• It’s a single published data source. You can't connect to a data source that is embedded in a workbook, and you can't connect to multiple data sources or use data blending, unless you combine the data before publishing the data source. The data source can be an extract or a live connection, and it can use a virtual connection or connect directly to the data.
  • You have the Connect permission capability for the data source.
  • The data source contains:
    • A measure to be aggregated as a sum, average, median, maximum, or minimum or a dimension to be aggregated as a count or count (distinct).
    • A time dimension for the metric's time series. Tableau Pulse monitors data over time, so single point-in-time values won’t produce a valid metric. The granularities supported for the time series are day, week, month, quarter, and year. Data that requires a lower level of granularity (hour or minute) isn’t a good fit for Tableau Pulse.
    • At least one dimension that can be used to filter the data and insights.

Create a metric definition

After making sure that your data source will work with Tableau Pulse, you're ready to start creating your definition. The definition editor is optimized for larger screens, so you should create your definition using a desktop or laptop computer rather than a mobile device.

To create metric definitions, you need a Creator, Site Administrator Explorer, or Explorer (can publish) site role on Tableau Cloud. If you have a Viewer site role, you can follow metrics and discover insights, but you can't create metric definitions.

  1. From the Tableau Pulse home page, select New Metric Definition.

  2. Select a data source to connect to, then select Connect.

  3. For the Name, enter a name that isn't in use by other metric definitions.

    This name appears on all metrics based on the definition, so choose a name that's easy for others to understand.

  4. For the Description (optional), provide brief details to help others make sense of the data.

    The description appears on the definition page. On the insights exploration page for each metric, the description shows when users select the info icon.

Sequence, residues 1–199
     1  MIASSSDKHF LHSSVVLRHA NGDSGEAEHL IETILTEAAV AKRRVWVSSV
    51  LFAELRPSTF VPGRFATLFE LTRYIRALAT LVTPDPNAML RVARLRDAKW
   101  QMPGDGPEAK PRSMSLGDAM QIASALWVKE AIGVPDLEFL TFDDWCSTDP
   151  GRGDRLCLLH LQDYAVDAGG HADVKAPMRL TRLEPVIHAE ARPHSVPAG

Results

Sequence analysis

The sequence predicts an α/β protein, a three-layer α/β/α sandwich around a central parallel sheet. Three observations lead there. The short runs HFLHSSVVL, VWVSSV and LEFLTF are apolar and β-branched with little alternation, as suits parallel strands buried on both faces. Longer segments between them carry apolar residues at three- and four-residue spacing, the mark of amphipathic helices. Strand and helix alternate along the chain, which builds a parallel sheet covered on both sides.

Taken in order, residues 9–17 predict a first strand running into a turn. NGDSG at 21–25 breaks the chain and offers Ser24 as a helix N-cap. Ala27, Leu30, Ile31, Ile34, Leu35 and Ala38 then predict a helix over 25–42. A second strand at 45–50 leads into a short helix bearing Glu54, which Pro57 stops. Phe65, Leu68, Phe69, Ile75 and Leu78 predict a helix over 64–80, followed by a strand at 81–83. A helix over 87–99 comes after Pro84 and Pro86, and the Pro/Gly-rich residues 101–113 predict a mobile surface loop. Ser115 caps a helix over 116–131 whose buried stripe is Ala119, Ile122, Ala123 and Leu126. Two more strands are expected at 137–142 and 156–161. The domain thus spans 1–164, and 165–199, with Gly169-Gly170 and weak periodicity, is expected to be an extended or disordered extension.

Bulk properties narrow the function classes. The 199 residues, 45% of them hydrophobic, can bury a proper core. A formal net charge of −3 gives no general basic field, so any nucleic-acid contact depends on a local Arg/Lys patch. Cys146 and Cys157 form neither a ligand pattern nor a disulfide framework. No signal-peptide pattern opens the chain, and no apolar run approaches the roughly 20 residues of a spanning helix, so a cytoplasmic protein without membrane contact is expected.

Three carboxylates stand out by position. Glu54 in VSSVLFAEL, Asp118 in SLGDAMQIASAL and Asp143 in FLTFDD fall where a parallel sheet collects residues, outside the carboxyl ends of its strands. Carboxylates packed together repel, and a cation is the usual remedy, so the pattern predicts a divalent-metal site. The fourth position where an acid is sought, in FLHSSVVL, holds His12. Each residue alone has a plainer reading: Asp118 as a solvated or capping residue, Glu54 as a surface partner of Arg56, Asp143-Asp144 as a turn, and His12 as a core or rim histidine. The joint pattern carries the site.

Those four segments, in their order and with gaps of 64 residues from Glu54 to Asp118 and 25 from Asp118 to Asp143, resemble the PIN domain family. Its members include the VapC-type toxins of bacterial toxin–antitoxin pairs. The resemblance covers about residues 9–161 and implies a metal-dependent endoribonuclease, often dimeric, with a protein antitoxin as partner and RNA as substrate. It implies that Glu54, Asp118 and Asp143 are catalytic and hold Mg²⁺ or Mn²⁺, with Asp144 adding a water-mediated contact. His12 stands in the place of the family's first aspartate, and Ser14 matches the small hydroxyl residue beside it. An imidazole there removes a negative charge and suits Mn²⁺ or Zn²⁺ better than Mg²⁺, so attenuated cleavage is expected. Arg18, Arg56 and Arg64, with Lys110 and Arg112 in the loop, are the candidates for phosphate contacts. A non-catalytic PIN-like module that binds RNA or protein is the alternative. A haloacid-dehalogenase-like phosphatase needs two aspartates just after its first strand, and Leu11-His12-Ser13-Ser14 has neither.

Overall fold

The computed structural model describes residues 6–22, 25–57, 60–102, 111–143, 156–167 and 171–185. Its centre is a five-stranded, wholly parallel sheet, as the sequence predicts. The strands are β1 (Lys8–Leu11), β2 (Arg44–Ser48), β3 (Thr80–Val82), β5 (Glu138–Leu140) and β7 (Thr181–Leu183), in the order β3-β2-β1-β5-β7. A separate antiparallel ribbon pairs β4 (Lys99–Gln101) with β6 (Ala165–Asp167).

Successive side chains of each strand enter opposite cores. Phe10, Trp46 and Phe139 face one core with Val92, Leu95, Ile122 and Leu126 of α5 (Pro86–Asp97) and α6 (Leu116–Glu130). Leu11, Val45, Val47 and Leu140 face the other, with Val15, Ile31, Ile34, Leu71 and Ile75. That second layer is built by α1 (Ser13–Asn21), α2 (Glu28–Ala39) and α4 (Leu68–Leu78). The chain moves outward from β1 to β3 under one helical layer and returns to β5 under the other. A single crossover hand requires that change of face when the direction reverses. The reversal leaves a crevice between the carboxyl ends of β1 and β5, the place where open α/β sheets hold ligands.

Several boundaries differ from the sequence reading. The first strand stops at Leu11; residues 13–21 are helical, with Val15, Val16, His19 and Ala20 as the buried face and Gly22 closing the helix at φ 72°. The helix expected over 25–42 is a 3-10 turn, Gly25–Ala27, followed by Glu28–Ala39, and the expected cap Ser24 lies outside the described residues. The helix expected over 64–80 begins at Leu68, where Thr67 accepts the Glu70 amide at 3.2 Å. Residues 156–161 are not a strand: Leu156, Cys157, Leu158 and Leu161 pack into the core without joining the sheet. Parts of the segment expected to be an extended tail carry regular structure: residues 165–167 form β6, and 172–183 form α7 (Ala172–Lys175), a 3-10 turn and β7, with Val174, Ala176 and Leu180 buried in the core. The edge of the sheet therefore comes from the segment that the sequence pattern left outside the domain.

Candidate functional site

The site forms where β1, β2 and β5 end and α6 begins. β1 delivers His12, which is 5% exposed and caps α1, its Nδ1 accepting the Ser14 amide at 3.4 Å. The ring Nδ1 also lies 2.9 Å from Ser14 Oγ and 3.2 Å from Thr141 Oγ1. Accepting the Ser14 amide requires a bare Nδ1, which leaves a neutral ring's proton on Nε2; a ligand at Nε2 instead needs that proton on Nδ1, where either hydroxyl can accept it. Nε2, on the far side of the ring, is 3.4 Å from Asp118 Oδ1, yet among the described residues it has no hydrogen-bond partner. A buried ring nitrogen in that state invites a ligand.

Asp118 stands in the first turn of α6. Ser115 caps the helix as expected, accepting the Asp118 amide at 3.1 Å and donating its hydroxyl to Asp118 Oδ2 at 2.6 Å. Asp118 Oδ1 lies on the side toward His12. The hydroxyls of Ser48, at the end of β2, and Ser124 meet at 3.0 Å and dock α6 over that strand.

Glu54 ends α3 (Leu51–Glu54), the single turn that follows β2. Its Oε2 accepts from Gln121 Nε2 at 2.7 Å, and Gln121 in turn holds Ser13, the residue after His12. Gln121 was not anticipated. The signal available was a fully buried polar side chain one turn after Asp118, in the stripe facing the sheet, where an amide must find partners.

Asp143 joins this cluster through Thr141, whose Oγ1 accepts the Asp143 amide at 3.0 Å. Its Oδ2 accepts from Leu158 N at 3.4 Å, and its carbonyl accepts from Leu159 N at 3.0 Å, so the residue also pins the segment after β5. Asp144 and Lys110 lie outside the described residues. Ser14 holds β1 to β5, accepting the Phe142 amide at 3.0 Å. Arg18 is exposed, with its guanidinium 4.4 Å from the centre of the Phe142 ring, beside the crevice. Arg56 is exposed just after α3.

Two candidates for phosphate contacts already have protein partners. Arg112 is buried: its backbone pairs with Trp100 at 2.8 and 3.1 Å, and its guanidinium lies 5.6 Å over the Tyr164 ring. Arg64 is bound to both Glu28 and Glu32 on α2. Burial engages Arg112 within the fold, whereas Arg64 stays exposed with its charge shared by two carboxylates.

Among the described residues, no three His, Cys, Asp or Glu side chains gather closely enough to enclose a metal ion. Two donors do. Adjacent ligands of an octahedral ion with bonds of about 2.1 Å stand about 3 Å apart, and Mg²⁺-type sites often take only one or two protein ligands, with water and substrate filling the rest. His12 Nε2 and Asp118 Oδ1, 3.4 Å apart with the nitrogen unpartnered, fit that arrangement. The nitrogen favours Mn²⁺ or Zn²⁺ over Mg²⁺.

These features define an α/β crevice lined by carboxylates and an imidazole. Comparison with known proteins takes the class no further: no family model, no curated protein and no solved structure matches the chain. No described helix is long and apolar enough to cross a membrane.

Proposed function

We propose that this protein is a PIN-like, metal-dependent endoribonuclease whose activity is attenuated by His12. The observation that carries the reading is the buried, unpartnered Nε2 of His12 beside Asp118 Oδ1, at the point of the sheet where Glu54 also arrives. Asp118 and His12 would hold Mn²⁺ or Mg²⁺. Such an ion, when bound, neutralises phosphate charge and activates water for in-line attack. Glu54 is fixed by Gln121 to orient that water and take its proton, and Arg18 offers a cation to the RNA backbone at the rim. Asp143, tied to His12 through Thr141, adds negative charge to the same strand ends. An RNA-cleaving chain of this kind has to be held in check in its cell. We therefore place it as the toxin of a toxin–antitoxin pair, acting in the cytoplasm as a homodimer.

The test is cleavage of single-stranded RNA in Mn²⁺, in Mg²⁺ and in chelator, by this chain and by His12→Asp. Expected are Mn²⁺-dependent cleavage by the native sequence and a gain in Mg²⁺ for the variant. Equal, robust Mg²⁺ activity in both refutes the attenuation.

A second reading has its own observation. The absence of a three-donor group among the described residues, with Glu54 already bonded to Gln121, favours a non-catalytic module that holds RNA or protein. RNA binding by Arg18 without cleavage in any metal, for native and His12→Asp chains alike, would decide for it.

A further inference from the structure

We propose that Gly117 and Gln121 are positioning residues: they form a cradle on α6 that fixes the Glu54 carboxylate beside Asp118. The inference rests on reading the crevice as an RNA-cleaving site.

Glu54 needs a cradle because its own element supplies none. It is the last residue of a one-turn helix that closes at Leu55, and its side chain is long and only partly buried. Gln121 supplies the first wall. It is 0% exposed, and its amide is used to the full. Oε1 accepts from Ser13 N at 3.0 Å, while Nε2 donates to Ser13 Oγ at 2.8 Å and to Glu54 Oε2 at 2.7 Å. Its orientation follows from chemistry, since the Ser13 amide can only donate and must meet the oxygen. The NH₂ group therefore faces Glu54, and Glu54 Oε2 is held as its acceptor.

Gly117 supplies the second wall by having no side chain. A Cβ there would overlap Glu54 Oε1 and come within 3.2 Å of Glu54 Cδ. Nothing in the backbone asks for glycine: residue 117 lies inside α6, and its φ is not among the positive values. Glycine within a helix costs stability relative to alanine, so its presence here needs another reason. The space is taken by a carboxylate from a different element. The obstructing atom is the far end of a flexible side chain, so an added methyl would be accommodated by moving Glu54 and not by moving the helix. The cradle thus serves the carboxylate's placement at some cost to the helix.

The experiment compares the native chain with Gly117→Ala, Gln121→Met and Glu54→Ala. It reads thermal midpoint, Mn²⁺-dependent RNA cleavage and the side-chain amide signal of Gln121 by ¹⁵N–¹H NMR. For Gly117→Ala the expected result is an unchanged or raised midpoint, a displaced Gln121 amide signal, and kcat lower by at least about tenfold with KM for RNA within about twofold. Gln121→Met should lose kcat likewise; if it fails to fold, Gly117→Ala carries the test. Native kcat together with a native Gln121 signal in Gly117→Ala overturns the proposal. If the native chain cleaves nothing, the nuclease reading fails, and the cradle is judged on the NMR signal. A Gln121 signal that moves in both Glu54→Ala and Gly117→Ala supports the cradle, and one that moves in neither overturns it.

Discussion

Define the metric value

  1. For the Measure, select the field to track.

    You can select a measure or a dimension, but dimensions must be aggregated as a count or count (distinct) so that they result in a measure that can be tracked.

  2. For the Aggregation, select how Tableau Pulse should aggregate the field you're tracking.

    If you require a more complex aggregation, see Create an advanced definition (optional).

  3. For Show sparkline values to date as, select whether you want the points on the metric chart to display as a running total or as non-cumulative values.

    The current value shown at the top of the metric will always be a running total for the period you're tracking. This setting applies to the sparkline, the overview line chart, and applicable insights.

  4. For the Definition filters (optional), select values to limit the metric data.

    Definition filters affect the data for all metrics based on the definition and won’t be adjustable by the viewer. Fields added as definition filters change the meaning of the definition. For example, a definition filter might exclude returned orders to define net sales. If you simply want to use a field to segment the data, add an adjustable metric filter, available under the Options section. For more information, see Define metric options.

  5. For the Time dimension, select the field to define the time series.
  6. To enter a Date offset, expand the Advanced time settings.

    A date offset changes the final point in a metric’s time series to a set number of days in the past. For example, by entering an offset of 2, you adjust the final point from “Today” to “2 Days Ago.” An offset is useful if the data in your data source appears at a delay. Otherwise, your metric might not show any data for the final point in the time series.

  7. For Compared to, drag the time comparison that you want to be the primary comparison to the top of the list.

    The primary time comparison is displayed in digests and insights and on the metric overview card. The secondary comparison appears in addition to the primary when a user opens a metric on Tableau Cloud to view the insights exploration page. If you don't want a secondary comparison, select the x to remove it.

How fiscal calendars work with metrics

If your time dimension is configured to use a fiscal calendar, Tableau Pulse uses that calendar. The metrics based on a definition with a fiscal calendar will show fiscal years and fiscal quarters on charts and insights. When you create a definition, the fiscal start month is listed under the time dimension field, if one is set. You can't adjust the fiscal calendar in Tableau Pulse. To change it, edit the data source used by the definition. For more information, see Fiscal Dates.

Support for fiscal calendars was added in February 2024. The Tableau Pulse beta didn't support fiscal calendars. If you created metrics during the beta period, and your data uses a fiscal calendar, those metrics won't automatically update to reflect the fiscal calendar. You'll need to adjust the date range to create new metrics that use the fiscal year. Then remove the followers from the metrics that used the old calendar and add them to the newly created metrics.

Create an advanced definition (optional)

If you prefer the flexibility of working in the traditional Tableau viz authoring environment, or if you need to create calculated fields, use the advanced analytics editor.

  1. On the definition panel, select Create Advanced Definition.

  2. Add fields to the measure, time dimension, and filters shelves. Only the fields or calculations that you add to these shelves will be saved by the editor.